Mongolian miner Sharyn Gol JSC has agreed on a preliminary deal that would see its coal shipped to South Korea via Russia and North Korea, as the land-locked nation seeks new markets to counterbalance its dependence on China.
Arranging the circuitous route was hailed as a major achievement by Batbaatar Bandan, the company’s chief executive officer. “For Mongolia to have four-country cooperation, I think it is historic,” he said at the signing of a memorandum of understanding at a conference in the capital, Ulaanbaatar.
The company will sell the coal to newly minted Mongol Sammok Logistics Co., a joint venture between South Korea’s Sammok Shipping Co. and an arm of the Mongolian government, according to its general manager, Khaliun Dashzeveg. The coal will be transported more than 4,000 kilometers (2,500 miles) by train to the North Korean port in the city of Rason, via Russia, and then shipped to South Korea, she said.
While the arrangement will begin with a trial load, Sharyn Gol is “in a position to export several hundred thousand tons of coal per year,” said Director James Passin.
Khaliun said the agreement could eventually yield 300,000 metric tons of exports a year, although the price of the coal is still under discussion.
Although South Korea bans direct trade with North Korea, it allows trade of natural resources through Rason’s port as long as the product doesn’t originate in the north.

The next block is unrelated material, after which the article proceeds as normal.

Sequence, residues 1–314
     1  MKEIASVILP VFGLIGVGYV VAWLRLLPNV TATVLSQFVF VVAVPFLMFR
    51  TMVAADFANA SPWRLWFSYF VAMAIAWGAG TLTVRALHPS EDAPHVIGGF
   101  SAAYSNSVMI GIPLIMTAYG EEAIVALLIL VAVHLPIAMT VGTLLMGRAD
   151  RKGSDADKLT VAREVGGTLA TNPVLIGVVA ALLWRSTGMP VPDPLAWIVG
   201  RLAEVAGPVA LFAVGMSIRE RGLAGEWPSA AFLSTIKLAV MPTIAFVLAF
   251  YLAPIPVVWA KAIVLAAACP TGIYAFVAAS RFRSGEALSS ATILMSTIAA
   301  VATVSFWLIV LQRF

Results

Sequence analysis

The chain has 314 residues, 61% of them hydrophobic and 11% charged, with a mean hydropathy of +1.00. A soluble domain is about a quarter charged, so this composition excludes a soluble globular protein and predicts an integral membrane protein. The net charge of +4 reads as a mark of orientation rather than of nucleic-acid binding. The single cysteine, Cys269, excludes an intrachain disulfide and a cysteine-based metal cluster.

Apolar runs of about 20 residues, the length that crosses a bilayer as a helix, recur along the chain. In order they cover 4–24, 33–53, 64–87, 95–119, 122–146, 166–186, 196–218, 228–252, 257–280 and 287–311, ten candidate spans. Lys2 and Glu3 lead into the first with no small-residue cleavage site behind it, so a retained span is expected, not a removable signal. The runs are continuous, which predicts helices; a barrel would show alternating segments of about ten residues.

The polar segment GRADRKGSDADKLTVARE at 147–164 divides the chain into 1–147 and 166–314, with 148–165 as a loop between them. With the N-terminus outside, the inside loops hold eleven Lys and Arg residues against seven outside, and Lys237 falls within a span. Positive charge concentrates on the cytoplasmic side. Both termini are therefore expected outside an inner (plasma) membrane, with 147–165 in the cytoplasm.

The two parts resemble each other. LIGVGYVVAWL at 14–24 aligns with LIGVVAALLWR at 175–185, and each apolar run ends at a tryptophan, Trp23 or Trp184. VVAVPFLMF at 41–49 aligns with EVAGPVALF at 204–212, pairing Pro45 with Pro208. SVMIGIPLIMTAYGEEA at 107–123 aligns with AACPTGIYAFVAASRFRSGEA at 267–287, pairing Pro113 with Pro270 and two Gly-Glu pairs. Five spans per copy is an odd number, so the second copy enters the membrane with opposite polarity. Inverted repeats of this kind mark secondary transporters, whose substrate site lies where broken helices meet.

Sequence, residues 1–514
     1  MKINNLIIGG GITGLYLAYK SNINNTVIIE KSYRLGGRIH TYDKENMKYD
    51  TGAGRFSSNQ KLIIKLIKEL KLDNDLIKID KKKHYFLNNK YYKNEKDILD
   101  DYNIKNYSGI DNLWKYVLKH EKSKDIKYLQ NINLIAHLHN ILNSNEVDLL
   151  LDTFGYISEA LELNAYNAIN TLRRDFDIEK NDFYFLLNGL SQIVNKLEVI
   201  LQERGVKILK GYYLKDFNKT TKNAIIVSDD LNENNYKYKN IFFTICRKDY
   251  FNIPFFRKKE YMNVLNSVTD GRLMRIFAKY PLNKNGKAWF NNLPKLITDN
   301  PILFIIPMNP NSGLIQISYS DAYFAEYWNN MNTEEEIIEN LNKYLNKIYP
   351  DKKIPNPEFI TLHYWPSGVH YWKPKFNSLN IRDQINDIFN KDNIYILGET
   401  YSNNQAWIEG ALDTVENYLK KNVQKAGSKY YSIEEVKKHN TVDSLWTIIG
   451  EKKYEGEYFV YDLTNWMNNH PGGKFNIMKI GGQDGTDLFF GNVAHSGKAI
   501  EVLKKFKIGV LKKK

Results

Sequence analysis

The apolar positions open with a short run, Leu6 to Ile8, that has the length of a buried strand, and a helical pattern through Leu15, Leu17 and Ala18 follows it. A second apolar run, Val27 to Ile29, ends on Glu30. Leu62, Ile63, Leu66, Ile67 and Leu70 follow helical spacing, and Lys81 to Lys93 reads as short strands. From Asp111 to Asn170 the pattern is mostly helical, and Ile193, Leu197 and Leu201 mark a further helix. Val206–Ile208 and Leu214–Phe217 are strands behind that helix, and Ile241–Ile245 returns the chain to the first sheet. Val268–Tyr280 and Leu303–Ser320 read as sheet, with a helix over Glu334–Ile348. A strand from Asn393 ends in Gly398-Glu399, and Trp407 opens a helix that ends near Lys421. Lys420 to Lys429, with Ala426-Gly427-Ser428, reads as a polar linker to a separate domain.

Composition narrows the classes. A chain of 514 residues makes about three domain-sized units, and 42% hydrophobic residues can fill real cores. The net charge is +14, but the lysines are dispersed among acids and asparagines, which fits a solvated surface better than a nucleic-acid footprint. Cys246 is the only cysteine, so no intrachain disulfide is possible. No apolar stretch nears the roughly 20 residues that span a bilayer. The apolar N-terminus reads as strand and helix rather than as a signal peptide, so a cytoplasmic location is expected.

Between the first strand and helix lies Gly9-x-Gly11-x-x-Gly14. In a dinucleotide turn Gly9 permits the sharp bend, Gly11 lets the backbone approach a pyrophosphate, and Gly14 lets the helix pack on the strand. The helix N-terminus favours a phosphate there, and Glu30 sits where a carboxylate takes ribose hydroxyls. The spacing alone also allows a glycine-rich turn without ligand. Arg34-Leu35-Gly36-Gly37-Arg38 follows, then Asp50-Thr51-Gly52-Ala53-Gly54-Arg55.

Sharyn Gol mines around 1 million tons a year of thermal coal used by power plants, and is controlled by the U.S. investment fund Firebird Management LLC, co-founded by Passin. It’s also listed on the Mongolian Stock Exchange, where its stock rose 4.5 percent today as of 12:56 p.m. local time.
Last year, Mongolia exported 19.5 million tons of coal worth $849 million, almost all of it to China.
Sharyn Gol isn’t the first Mongolian company to get involved with politically isolated North Korea. In 2013, HBOil JSC, an oil trading and refining company based in Ulaanbaatar, acquired 20 percent of the state-run entity operating North Korea’s Sungri refinery. HBOil is part-owned by Firebird.
The governments in Ulaanbaatar and Pyongyang have maintained cordial relations dating back to the 1950s. Mongolia’s President Elbegdorj Tsakhia toured North Korea in October 2013.